2. Description of Problem(s)
    The next thing you might do is expand on what got you in the door in the first place. Depending on the topic, this might take you five minutes or it might take you 20. It's really
  3. Strengths, Goals, and Successful Therapy
    Your counselor will likely shift into some conversation around what your goals are for counseling. This seems like an easy answer (i.e. "I want to be happier!"), but our role as counselors is to distill that down into specific, tangible goals that are achievable and realistic, so you might be met with questions like, "How do you define happier?" Or Well, what's the look like in your daily life?" Or even, "How would you know you were happier?" And that's just the tip of the metaphorical iceberg.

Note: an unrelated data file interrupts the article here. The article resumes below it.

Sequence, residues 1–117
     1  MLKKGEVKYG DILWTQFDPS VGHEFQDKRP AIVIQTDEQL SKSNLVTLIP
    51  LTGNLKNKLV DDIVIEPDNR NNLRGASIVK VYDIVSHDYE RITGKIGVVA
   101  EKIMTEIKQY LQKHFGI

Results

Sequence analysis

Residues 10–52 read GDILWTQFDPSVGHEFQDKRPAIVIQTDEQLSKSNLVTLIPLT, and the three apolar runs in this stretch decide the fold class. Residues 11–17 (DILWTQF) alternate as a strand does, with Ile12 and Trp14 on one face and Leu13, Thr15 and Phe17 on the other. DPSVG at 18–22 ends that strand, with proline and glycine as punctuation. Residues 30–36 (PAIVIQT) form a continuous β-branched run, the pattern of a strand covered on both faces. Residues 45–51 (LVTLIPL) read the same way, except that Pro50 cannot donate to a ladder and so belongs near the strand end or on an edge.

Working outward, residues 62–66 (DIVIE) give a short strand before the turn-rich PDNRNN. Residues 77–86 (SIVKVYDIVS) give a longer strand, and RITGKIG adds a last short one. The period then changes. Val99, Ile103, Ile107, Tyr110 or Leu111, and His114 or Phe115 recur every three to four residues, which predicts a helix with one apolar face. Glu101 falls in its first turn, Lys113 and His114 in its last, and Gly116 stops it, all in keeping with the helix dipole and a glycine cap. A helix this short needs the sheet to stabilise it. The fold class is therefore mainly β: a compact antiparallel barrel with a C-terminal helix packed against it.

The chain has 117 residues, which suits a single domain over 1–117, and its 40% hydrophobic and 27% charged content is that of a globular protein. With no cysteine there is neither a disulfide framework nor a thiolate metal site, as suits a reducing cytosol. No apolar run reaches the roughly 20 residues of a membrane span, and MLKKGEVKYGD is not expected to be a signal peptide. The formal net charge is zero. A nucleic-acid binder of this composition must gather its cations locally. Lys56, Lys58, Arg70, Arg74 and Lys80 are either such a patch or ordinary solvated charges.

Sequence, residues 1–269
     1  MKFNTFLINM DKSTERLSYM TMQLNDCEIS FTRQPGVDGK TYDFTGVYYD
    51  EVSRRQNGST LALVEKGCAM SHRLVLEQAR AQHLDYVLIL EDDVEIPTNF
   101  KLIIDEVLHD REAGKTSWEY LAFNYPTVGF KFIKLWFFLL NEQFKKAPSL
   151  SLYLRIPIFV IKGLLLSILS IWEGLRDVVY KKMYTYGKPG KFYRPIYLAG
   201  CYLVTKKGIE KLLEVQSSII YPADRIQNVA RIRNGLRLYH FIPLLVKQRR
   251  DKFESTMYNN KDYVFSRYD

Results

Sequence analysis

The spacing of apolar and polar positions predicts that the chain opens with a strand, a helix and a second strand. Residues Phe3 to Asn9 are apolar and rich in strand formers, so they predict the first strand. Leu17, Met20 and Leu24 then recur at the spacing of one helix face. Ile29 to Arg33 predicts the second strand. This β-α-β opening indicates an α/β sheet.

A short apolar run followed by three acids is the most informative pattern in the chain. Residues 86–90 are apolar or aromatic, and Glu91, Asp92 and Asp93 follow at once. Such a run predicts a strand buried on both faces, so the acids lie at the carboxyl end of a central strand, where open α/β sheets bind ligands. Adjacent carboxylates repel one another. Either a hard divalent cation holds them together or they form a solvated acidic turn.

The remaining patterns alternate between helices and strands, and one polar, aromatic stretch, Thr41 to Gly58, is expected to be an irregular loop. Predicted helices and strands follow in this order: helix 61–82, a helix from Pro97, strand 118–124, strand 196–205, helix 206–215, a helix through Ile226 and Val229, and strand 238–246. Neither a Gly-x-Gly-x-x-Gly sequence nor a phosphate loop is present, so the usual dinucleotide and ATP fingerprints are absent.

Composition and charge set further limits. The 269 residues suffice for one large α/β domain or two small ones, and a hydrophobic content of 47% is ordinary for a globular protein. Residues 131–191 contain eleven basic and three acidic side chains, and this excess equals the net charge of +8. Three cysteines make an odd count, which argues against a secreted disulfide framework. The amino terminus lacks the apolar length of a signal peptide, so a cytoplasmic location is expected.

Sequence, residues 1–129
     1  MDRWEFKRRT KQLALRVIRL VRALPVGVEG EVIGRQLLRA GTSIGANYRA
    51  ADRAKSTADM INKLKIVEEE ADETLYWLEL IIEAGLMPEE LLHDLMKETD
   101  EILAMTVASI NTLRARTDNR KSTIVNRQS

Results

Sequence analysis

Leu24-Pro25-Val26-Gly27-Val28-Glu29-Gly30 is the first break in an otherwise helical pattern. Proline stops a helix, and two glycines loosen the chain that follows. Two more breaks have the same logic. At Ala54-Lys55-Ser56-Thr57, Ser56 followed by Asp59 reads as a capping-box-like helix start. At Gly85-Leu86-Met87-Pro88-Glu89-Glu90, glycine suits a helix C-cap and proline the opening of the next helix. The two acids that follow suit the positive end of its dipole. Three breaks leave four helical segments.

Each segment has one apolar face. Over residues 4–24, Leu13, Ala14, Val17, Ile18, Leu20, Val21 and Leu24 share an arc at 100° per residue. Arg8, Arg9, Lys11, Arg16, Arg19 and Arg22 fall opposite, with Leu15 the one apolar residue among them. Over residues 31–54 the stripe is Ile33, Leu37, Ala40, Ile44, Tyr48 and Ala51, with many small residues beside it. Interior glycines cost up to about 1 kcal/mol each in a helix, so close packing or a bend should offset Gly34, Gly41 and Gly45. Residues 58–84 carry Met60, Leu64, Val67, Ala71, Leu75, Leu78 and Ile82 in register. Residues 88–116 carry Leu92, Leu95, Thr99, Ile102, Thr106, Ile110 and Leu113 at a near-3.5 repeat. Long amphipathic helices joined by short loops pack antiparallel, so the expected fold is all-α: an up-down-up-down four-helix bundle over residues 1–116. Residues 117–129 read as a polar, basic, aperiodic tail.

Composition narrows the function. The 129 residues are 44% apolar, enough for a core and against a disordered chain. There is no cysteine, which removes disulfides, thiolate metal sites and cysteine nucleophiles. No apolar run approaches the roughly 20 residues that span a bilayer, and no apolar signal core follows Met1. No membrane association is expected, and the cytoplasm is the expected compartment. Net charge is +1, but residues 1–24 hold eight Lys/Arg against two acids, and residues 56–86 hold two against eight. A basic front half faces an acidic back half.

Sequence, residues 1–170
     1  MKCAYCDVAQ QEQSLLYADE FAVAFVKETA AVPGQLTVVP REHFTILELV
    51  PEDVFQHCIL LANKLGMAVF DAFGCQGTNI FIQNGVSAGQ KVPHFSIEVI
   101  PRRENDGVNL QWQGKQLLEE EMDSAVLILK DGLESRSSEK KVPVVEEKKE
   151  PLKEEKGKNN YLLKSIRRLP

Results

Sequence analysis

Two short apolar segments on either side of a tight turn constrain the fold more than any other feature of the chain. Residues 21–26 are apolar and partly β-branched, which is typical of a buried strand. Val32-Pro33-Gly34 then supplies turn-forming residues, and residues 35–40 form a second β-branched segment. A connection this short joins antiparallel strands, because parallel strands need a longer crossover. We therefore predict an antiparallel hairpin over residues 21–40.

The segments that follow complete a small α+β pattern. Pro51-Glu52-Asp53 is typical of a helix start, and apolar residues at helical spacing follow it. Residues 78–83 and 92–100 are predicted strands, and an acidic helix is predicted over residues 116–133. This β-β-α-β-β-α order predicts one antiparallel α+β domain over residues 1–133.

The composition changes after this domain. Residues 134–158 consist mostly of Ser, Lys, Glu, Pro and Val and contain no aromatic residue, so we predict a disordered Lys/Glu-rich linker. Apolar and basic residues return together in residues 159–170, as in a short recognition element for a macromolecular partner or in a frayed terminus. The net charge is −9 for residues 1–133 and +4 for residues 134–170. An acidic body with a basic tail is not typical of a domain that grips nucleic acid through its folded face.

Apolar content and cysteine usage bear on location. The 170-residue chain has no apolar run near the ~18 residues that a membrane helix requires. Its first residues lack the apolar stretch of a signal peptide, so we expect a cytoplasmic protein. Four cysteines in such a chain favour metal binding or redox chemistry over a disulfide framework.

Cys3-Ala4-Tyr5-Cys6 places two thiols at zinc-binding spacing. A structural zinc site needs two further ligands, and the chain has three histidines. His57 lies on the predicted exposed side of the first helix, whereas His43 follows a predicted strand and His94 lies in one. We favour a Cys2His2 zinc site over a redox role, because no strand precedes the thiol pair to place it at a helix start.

You'll also probably spend a little bit of time talking about your strengths. It's true that we'll spend plenty of time exploring and understanding the problems, but your strengths are an underrated contender. We want to (and, dare we say, need to) know what's going well for you, what you see positive in yourself, and what areas we can play into in order to withstand any fallout from the changes you might make.
  4. Flip the Puzzle Box
    Alright, final aspect of the first session. Think back to the last time you put together a 500-piece puzzle (if ever - even a 50-piece puzzle is fine to think about). What's the first thing you did? Well, you probably flipped the puzzle box over. And, at that point, you started to make sense of all the pieces. You flip them over on the table, start to organize and group them according to colors and edge pieces, and then you start to slowly piece together the outside of the puzzle. Right? Hopefully right. Even if you didn't do that, it's a methodical way to start!